Dittany of Crete.

Botanical name: 

Dictamuns Creticus.

A VERY pretty little plant, native of the East, and kept in some of our curious people's gardens.

It has been famous for its virtues, but they stand more upon the credit of report than experience. It is six or eight inches high, the stalks are square, slender, hard, woody, and branched. The leaves are short, broad, and roundish; they stand two at every joint, and are covered with a white woolly matter. The flowers are small and purple: they grow in oblong and slender scaly heads, in the manner of those of origanum; and these heads are themselves very beautiful, being variegated with green and purple. The whole plant has a fragrant smell.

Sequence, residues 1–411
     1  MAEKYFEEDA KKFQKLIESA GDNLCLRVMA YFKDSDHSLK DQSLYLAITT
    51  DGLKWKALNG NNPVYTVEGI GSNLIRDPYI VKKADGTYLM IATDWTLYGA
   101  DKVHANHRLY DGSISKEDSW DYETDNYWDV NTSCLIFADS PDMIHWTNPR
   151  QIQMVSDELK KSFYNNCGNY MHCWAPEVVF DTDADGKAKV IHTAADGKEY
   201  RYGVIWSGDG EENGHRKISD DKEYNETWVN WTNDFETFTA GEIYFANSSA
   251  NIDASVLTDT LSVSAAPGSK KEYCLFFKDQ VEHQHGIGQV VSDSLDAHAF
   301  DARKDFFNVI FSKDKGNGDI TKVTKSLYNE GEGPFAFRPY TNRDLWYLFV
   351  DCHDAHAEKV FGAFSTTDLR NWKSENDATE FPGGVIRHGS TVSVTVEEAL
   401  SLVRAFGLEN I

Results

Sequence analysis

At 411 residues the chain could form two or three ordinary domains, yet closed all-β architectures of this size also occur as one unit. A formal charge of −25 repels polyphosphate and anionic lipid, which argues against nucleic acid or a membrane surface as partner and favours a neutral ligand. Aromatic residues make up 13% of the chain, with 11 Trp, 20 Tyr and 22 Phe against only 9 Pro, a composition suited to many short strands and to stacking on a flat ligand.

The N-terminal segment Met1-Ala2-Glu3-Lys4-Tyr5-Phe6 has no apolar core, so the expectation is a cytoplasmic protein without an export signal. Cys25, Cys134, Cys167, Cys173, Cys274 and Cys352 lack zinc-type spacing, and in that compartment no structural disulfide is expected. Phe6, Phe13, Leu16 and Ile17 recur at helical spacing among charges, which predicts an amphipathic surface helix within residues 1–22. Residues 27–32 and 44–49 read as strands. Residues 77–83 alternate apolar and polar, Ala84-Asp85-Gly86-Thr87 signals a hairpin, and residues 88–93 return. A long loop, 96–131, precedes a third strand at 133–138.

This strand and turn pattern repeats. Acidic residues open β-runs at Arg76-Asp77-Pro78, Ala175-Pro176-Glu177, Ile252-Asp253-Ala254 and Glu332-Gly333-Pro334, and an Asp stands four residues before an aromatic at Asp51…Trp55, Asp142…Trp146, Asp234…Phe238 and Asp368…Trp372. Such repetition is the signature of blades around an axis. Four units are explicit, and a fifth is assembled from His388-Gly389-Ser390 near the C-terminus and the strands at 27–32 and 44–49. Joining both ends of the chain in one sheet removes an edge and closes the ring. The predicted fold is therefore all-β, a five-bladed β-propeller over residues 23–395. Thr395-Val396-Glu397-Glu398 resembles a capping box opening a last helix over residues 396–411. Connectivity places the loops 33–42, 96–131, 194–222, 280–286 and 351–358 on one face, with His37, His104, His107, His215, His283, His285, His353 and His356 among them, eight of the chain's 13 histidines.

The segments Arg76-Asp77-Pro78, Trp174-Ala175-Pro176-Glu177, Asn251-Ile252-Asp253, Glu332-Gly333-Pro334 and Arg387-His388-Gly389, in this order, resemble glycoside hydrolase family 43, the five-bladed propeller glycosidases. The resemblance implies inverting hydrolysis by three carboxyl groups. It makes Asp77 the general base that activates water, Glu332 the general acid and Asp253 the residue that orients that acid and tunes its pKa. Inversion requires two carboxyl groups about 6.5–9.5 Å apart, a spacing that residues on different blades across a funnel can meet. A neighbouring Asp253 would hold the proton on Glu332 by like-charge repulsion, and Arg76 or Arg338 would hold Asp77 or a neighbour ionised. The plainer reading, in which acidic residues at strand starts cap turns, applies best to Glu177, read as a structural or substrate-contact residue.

The leaves are used, our druggists keep them dried. The old writers attribute miracles to it in the cure of wounds; at present it is seldom used alone; but it is good in nervous disorders, and it promotes the menses, and strengthens the stomach.

The Family Herbal, 1812, was written by John Hill.